The ‘American Dream’ Is in Collapse

What if the American Dream of a college education is now gone?

What if we are headed towards a future of more debt, fewer opportunities, and less economic security?

What are the prospects for our kids?

And what are the next steps for President Trump?

We spoke with Mark Kantrowitz, author of The American Dream: How We Were Born into a New World Order, to find out.

First, how did the American dream get in such disarray?

The American dream was always about hope.

The American ideal was about opportunity.

The dreams that were supposed to inspire us and lift us up were never meant to provide us with any real rewards.

When the Great Depression hit, the American people began to realize that the dream that we had all worked so hard for and worked so long for was over.

The dream of a decent life was no longer real.

And that dream had been lost for too long.

The great majority of Americans who wanted to earn a decent living for themselves or their families were unable to.

But there were some who were able to.

People like John D. Rockefeller, a man who had spent the years of the 1920s working on behalf of his father and his grandfather, and who had fought to secure for the working class a decent, secure, middle-class life.

Those who could were able, and so were those who could not.

And those who were unable were in need of a savior.

So John D., John Rockefeller, and many others who came from the middle and upper classes of the United States were called the “American dreamers.”

John D, John Rockefeller and many of the American leaders who followed in his footsteps were called “American patriots.”

The American people came together to form a group called the New Deal Coalition to help them overcome their economic and political challenges.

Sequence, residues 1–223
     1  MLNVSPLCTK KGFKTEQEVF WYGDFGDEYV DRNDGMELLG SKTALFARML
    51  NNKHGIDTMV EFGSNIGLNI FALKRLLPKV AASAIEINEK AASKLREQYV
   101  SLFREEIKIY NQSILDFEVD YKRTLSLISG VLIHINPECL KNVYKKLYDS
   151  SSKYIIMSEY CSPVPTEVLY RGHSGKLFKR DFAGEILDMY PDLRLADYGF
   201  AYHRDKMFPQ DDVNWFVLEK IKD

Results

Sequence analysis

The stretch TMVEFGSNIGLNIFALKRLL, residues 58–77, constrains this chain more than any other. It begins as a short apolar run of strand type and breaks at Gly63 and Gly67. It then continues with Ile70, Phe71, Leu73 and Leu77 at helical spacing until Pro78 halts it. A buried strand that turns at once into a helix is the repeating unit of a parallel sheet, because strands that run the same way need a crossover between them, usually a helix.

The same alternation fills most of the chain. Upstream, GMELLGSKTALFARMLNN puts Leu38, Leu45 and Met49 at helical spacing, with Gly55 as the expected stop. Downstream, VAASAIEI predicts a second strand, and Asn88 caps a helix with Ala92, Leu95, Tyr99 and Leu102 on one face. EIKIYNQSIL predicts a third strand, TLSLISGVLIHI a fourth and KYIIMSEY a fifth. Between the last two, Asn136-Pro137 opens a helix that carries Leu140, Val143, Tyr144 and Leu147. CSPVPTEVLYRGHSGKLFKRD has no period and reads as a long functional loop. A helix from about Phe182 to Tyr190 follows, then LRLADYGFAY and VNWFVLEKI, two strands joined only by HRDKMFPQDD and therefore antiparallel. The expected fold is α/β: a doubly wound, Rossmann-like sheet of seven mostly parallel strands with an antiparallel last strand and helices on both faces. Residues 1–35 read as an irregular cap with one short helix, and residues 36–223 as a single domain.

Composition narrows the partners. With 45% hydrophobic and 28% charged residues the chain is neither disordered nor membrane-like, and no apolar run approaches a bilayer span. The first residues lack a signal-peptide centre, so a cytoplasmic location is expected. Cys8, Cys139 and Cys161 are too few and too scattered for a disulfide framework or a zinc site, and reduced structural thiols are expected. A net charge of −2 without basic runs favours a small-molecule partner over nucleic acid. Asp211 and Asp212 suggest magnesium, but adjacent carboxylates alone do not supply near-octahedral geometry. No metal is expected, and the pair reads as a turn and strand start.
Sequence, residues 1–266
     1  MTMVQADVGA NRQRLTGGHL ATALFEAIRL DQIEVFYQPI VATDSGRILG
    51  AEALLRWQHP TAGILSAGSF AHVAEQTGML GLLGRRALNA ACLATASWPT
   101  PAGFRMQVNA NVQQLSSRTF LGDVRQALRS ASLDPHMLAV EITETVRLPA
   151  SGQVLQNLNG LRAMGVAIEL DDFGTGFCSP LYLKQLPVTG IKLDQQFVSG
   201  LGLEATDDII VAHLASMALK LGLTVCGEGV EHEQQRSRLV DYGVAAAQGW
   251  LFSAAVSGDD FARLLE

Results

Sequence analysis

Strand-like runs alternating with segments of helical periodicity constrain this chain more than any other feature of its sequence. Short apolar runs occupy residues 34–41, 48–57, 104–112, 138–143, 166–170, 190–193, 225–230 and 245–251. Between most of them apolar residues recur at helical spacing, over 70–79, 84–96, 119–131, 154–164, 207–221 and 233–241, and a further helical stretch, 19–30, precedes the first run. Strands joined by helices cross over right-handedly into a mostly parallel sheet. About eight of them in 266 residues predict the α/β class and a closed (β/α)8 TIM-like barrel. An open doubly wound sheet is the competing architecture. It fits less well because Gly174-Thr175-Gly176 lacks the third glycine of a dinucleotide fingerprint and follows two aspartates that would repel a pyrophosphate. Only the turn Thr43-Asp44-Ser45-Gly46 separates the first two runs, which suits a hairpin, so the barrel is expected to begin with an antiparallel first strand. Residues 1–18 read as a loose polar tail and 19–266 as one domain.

They began by forming the National Council on Education.

They formed a network of state and local organizations to fight against the Great Compression of the 1930s, and they helped fight against racism in schools and colleges.

They created the United Farm Workers, the United Negro College Fund, and the American Civil Liberties Union.

And they did it all with the idea that if we worked together, we could turn things around.

So what happened?

Well, the Great Recession and the Great Depressions, the collapse of the manufacturing sector, the destruction of the housing market, the economic and financial collapse of many parts of the country, and an increase in debt and foreclosures.

Those crises brought the American dreams into disarray.

And what they brought was a collapse in hope.

Americans became fearful of ever getting a decent job again.

And many of those who wanted a decent work-life balance found themselves in a very precarious position.

Many who had been working for years, working at minimum wage, were now finding it very hard to survive on what they could earn.

They found themselves facing a crisis of social and economic opportunity and of social solidarity.

We saw that this was a great opportunity for the Republican Party to go back to the American promise that had been part of our history, and that is the idea of the middle class.

And we saw that the American ideals that had brought us so much prosperity, so much opportunity, were not going to survive a political system that saw a shrinking middle class, a shrinking social safety net, a declining ability to pay down debt.

So we have been able to reverse that and bring it back.

And I think we have seen the beginning of what’s to come.

But this is not the end of the story.

We have to take these problems seriously.

We need to rebuild our middle class and our middle-income working families.

We’ve got to create more economic security for people who have had a hard time in the past.

We’re going to need to have more of those kind of opportunities, too.

So how will we do that?

Well first, we have to fix the economic problems that have been created by the Great Degeneracy.

We know how bad the Great Crash of 1929 was, we know how badly the Great Divergence of 1920-23 was, and we know that the Great Financial Crisis of 1929-30 was a direct result of those problems.

We can fix the Great Collapse of the Great Moderation.

But it’s not enough.

We also have to solve the Great Economic Crisis that has been created over the last few decades.

We see the Great Gaps.

We feel the Great Debt.

We are seeing the Great Unemployment.

We face a great recession right now.

And the Great Prosperity Gap that we see in America right now is just as deep as the Great Poverty Gap that was created in the 1930-40s.

And all of those gaps have created tremendous economic insecurity for working families, for middle- and working-class families.

So the first step is to fix those gaps.

And then we have a number of other steps.

And so what I’ve tried to do is to focus on the